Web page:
Pin It

The Sykes Cottages Guide To Bath

Monday, October 18th, 2010
Pin It

UNESCO-designated World Heritage Site Bath sits at the southern-most fringes of the Cotswolds. For anyone thinking about booking a holiday cottage here, Bath offers a wealth of things to see, do and experience, all amid the inspiring architecture of one of the very finest Georgian towns in the country. There are in excess of 5,000 listed buildings in town. Walk the Royal Crescent, an elegant sweep of thirty Georgian houses, which is one of the most enduring images of the Bath. Marvel at the grace and beauty of the eighteenth century Bath Circus and linger in the shops of Pulteney Bridge, redolent of Florence and the Ponte Vecchio, or admire its graceful arches from the city’s best vantage point in nearby Parade Gardens. No visit to Bath would be complete without a trip to the Roman Baths, site of the only hot springs in the country. Walk the hot pavements in the footsteps of our ancestors and gain an understanding of the importance of the healing powers of the springs, or book in advance and enjoy a day of pampering and relaxation at the Thermae Bath Spa, with its indulgent treatments and fabulous open-air pool giving stunning views over the Bath skyline. Stroll among the cloisters of fifteenth century Bath Abbey, or visit one of the town’s many museums. Nearest the Abbey is Sally Lunn’s, a living museum set in Bath’s oldest house, and a great place to replenish energy for sightseeing with one of the famous, sweet Sally Lunn buns. Experience the Regency elegance of the Jane Austen museum, or marvel at the vast collections of shoes, corsets and crinolines on display at the Fashion Museum. Have a go at blowing your own glass at the Bath Aqua Glass theatre, and watch master craftsmen at work hand staining and blowing individual pieces. Art lovers will appreciate the town’s two dedicated museums, Victoria Art Gallery and Holbourne Museum of Art.

Beyond Bath, there is much for the visitor to see. The mellow-stoned villages of the Cotswolds are a joy to discover, rewarding the visitor with traditional shops, picture-postcard pretty scenes and fine country pubs. The Chew Valley in the Mendip Hills is home to ancient stone circles and burial sites, such as the standing stones at Stanton Drew; good walking and Chew Valley lake for fishing, bird-watching and way-marked rambles. In the direction of Bristol, the Avon Valley’s Wildlife and Adventure Park makes for an enjoyable family day out with children of all ages very well catered for. There are animal displays, ball pools, tractor rides, rope bridges, play areas, assault courses, riverside walks, a miniature railway and much more. There are covered and open-air picnic areas, as well as restaurant outlets. Railway enthusiasts will head for the Avon Valley Railway at Bitton, midway between Bath and Bristol, where steam train rides operate on a six-mile stretch of line and can be enjoyed in their own right or used as part of a journey to complete a day rambling or cycling in the Avon Valley.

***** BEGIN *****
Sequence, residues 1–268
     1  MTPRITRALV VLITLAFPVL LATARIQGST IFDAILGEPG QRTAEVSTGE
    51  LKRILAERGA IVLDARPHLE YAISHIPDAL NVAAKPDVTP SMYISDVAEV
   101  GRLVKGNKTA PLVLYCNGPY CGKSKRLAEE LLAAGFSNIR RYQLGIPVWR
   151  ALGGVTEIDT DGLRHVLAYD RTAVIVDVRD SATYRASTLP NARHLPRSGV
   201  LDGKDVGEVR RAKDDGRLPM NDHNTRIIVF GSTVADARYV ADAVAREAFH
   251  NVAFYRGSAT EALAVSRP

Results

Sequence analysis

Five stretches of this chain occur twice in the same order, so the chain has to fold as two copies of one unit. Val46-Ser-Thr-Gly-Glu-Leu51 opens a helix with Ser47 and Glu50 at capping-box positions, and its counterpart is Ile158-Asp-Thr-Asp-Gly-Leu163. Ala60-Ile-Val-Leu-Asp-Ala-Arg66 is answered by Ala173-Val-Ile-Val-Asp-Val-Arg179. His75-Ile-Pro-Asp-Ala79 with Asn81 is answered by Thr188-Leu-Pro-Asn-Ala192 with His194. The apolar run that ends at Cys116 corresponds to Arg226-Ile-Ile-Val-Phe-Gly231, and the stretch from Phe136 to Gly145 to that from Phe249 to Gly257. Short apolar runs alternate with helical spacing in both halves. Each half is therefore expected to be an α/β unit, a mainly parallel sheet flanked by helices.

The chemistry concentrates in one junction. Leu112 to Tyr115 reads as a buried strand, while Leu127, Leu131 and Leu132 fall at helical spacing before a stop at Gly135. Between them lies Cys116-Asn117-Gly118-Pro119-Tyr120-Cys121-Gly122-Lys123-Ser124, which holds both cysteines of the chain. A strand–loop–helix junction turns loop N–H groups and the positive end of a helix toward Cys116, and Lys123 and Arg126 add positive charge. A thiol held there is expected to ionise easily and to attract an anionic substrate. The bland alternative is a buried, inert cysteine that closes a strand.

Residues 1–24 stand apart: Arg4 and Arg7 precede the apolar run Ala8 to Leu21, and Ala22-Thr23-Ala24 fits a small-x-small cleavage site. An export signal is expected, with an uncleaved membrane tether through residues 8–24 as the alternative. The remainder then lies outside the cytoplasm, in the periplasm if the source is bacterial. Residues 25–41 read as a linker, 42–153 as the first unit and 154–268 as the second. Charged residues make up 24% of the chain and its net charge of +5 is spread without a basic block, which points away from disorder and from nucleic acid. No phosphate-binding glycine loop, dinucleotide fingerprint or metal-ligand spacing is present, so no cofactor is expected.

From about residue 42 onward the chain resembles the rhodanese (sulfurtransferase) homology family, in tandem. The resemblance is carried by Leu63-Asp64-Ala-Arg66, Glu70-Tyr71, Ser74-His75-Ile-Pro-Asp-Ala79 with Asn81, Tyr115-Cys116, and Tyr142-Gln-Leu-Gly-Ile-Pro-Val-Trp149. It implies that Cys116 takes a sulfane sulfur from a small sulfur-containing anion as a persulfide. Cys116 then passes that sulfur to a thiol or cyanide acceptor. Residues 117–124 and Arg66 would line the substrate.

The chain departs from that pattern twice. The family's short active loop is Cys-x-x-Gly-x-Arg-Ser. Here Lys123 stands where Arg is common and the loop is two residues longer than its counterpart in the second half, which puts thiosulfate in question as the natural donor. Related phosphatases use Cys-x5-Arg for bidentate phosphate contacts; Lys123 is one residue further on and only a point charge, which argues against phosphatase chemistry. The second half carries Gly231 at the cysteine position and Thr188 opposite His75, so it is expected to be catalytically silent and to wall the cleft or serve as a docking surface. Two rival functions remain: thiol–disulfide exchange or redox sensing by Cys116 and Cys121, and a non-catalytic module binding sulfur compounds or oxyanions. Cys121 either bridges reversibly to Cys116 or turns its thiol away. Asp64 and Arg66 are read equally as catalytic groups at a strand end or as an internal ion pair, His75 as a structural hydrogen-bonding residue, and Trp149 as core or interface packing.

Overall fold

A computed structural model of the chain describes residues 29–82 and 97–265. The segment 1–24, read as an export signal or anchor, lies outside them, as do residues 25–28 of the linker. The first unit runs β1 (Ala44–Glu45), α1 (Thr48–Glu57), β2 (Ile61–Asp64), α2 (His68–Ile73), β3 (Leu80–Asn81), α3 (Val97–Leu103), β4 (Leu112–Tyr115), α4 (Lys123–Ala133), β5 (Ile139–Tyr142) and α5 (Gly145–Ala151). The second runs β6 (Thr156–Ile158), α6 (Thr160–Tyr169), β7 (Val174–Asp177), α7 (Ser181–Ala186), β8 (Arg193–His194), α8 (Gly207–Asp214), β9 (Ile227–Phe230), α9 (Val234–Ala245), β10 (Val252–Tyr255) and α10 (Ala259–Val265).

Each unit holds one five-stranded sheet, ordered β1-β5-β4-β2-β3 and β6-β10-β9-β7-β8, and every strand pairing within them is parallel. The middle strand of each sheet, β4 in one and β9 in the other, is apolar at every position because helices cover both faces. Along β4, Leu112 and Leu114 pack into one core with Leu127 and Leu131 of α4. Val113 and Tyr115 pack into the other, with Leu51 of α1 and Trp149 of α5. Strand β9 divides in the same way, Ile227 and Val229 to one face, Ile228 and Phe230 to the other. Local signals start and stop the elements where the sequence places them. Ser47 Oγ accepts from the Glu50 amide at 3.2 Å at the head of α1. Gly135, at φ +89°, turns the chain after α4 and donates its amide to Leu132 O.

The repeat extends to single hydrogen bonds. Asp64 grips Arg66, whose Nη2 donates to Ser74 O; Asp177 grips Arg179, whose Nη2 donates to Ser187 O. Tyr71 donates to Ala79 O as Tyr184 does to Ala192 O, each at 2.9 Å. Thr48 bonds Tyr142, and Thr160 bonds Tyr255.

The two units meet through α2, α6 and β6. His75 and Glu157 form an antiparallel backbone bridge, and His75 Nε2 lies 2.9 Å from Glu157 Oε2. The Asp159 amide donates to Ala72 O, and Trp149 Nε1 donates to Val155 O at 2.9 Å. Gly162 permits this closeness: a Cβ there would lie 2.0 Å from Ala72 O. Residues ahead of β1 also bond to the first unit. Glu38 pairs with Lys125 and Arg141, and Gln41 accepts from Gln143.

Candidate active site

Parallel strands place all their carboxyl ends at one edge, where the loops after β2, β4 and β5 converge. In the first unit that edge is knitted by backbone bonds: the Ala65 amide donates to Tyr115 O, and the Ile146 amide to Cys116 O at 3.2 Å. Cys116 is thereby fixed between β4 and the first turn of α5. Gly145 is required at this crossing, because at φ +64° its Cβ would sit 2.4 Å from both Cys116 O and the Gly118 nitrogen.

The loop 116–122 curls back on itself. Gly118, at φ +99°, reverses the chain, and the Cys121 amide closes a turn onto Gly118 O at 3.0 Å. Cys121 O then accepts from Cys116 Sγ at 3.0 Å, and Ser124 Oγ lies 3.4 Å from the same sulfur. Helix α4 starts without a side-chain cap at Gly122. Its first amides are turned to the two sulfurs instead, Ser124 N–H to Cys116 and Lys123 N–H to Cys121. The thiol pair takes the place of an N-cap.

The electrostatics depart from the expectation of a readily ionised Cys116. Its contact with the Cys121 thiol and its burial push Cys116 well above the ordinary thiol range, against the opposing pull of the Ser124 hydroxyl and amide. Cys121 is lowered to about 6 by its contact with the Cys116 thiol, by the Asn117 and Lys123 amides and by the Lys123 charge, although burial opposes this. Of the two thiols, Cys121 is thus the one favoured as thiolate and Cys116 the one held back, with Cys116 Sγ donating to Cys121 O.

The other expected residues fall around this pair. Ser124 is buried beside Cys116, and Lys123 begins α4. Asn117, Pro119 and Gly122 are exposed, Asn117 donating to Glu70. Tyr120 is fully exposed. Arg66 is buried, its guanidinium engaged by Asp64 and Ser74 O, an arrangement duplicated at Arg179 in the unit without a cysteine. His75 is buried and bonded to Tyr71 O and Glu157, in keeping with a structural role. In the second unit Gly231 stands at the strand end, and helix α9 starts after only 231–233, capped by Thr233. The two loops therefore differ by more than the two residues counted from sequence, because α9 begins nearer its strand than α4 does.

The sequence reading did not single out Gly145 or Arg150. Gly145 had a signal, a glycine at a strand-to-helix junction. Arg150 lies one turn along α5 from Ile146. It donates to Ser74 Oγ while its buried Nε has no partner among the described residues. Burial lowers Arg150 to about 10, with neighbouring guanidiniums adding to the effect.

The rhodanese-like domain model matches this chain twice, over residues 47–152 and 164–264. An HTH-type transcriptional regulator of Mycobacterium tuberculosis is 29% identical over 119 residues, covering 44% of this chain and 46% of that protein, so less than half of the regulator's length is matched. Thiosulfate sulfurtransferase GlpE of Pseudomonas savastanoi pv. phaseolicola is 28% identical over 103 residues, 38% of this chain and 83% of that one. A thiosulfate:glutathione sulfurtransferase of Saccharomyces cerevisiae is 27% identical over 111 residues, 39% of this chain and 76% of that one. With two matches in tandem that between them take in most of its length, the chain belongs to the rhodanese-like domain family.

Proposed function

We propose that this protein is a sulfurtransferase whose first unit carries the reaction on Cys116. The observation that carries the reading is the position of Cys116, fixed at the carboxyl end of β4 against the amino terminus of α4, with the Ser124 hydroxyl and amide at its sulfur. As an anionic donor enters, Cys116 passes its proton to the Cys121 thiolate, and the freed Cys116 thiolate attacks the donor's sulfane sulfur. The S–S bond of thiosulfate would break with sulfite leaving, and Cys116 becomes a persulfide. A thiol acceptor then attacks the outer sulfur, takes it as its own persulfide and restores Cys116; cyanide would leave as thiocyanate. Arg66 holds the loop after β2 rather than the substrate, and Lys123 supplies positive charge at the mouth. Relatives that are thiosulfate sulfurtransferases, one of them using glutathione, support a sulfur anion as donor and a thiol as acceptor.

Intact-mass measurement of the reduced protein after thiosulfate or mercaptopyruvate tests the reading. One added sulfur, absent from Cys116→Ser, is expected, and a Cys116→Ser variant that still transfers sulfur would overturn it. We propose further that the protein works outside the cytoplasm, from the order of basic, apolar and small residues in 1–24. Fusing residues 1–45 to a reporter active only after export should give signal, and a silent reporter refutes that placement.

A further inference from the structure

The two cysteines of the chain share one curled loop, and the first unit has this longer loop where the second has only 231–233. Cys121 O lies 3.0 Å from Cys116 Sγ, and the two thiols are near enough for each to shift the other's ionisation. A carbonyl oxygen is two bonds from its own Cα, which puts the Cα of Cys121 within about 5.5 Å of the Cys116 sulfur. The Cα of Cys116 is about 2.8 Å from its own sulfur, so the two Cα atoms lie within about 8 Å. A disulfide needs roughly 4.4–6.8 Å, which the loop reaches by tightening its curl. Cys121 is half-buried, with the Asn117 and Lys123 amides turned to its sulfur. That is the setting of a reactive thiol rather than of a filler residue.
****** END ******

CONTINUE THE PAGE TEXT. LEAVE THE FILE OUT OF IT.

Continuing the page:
Pin It

Our Guide To The Cotswolds – Stratford upon Avon

Tuesday, October 12th, 2010
Pin It

If you would like to see our choice of self-catering holiday cottages in Stratford Upon Avon after reading this blog, simply click here.

One of the UK’s most visited towns, Stratford upon Avon enjoys a strategic location on the northern edge of the Cotswolds, and the lovely countryside surrounding Shakespeare’s birthplace makes an ideal location for a Cotswolds cottage holiday. The town itself is bursting with history and attractions worthy of a weekend break, and with charming Cotswolds villages, such as Broadway, Moreton in Marsh and Chipping Campden and the historic city of Warwick close by, there is plenty to do and see in the area. Stratford itself can get extremely busy during summer weekends, but off-season is a great time to visit.

The main draw, of course, is the Shakespeare connection, and most visitors start with a tour of the birthplace of England’s greatest playwright and dramatist, and of the other historic buildings associated with him. As well as Shakespeare’s home, visit the residence belonging to Shakespeare’s wife, Anne Hathaway’s cottage, and the home of his mother. New Place is a fine retirement home bought by the Bard on his return from London, which features a lovely Elizabethan knot garden, while those holidaying with children will enjoy the collection of rare animal breeds at Mary Arden’s House. Another sixteenth century property worth visiting is Harvard House, an intricately carved house once home to the founder of Harvard University.

Other places to see include the Holy Trinity Church, where Shakespeare is buried, and Hall’s Croft. Attractions in the town include Shakesperience, a high-tech, virtual reality fun study of the life and times of the great Bard, and the unusual and unique Falstaff Experience. Visit by day for a trip into ‘Tudor World’ or by night, if you dare, to experience the ghostly goings on of sixteenth century England. Children will have great fun at the Brass Rubbing Centre, and there’s plenty of opportunity for fun centred on the lovely River Avon, which flows through the town. From picnics and riverside walks, particularly among the gardens surrounding the Royal Shakespeare Theatre, to an afternoon on the water in your own hired rowing boat, a short cruise or maybe even a candle-lit dinner cruise, the river offers a relaxing way to experience the town. Take the children to the Butterfly Farm and Jungle Safari and see the country’s largest collection of vividly coloured butterflies, and when it comes to refreshments, there are teashops and restaurants at every turn. There’s a Friday market each week, and Farmer’s Markets also run once a month. Take a walk with one of the town’s Blue Badge guides and really get under the skin of Stratford, where history is revealed on every street corner.

Pin It